Every week or so, filmmaker and writer Robert Greene will attempt to push for a new canon of cinematic nonfiction.
Before Grizzly Man gave him a legitimate documentary hit, before his own voice became iconic to the point of (near) self-parody and before his “ecstatic truth” construct became a ubiquitous and useful entry point for cineastes of all stripes to understand nonfiction films that push past journalistic ideas of “truth,” Werner Herzog consistently made films that defied categorization and triumphantly broke boundaries. Among his most mesmerizing works is the 1971 experimental study of mirages, Fata Morgana, a film that reads landscapes and observations like many of his fiction masterpieces read faces and grand gestures. But it is his 1992 film Lessons of Darkness, a kind of aesthetic sequel to Fata Morgana, which we nominate today for the new canon of cinematic nonfiction.
Upon its release, Lessons of Darkness was criticized in many circles for its daring and grandiose repurposing of footage shot of a battered Kuwait just after the Gulf War. Using truly breathtaking 16mm images (many of them aerial shots), a sweeping orchestral score (Mahler, for example) and sparse but heavily biblical voice over, Herzog creates an apocalyptic opera of observation on war, environmental calamity and absurd human folly. After the film’s screening at the Berlin Film Festival, Herzog reportedly screamed, “you’re all wrong!” to a booing crowd. Some viewers bristled at the lack of explanation, like when a woman explains a torture situation but isn’t subtitled, creating a strangely distanced and disturbing portrait, and accused Herzog of aestheticizing war.
Of course within the sci-fi fantasy created by the film, where firefighters are aliens and our own world a strange, distant planet, deeper (yes, ecstatic) truths can be discovered. Through the wildly romantic and ambitious convergence of fiction and nonfiction, the sheer insanity of perpetual political conflict and misuse of resources becomes not a talking point, but a heartbreaking and profoundly unsettling reality. Just like how Luis Buñuel’s Land Without Bread upended the voice-of-god narrator of empty and deceptively racist ethnography before it even became the dominant mode, Herzog here obliterates the currently popular issuementary genre before it really even existed.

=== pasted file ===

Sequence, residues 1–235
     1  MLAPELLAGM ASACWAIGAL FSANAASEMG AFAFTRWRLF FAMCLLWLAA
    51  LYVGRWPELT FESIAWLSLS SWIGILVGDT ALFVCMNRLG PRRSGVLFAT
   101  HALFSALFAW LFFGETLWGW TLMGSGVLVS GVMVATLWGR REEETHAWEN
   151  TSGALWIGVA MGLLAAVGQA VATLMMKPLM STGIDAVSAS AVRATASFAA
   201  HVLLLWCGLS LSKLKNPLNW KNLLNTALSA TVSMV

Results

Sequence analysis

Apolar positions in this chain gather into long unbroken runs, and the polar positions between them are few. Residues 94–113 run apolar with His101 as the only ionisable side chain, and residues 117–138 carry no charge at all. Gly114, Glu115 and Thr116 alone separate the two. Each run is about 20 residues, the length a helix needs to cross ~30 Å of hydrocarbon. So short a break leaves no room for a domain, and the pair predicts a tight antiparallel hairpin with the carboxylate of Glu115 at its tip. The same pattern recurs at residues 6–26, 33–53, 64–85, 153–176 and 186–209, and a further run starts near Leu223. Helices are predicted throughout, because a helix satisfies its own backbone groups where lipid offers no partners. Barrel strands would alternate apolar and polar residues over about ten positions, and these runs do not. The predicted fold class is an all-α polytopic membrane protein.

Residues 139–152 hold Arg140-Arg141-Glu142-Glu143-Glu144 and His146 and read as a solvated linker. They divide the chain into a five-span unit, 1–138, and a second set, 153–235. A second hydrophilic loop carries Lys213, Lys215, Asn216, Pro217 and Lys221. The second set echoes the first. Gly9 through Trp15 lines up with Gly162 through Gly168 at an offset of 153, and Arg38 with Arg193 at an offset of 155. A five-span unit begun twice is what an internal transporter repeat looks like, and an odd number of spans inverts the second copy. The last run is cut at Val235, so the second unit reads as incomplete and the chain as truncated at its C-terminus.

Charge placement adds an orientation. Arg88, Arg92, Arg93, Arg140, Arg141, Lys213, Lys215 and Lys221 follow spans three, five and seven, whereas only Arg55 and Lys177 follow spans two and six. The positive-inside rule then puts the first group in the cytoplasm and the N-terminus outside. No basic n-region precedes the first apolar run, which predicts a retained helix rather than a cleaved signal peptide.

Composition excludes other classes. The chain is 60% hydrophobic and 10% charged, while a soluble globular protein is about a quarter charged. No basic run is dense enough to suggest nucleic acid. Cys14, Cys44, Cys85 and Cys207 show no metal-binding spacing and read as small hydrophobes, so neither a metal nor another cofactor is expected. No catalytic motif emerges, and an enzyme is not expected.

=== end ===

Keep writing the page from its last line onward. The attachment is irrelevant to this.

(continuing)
The thirteen chapters of Lessons of Darkness tell the story of a once-thriving city, destroyed by war, where man-made volcanoes burn and the landscape is overrun by madness. Aliens spend all their time squelching the fires, only to restart them. “Now they are content,” Herzog tells us, “Now there is something to extinguish again.” The black storms of smoke circle the planet. Grotesquely beautiful images are of a world destroying itself in splendor. Inter-titles like “And a Smoke Arose like a Smoke from a Furnace” escalate the majestic, terrifying tension. Fire, water, bodies, landscape. There is no foundation to send money to at the end of the film. There is no sobering reportage. There is only absurdity, spirituality and cinema. The “lesson” here is to create challenging art and shake the world until it understands.
You can buy the Lessons of Darkness/Fata Morgana DVD pack from Amazon.
Past Nominees For the New Canon of Nonfiction Cinema: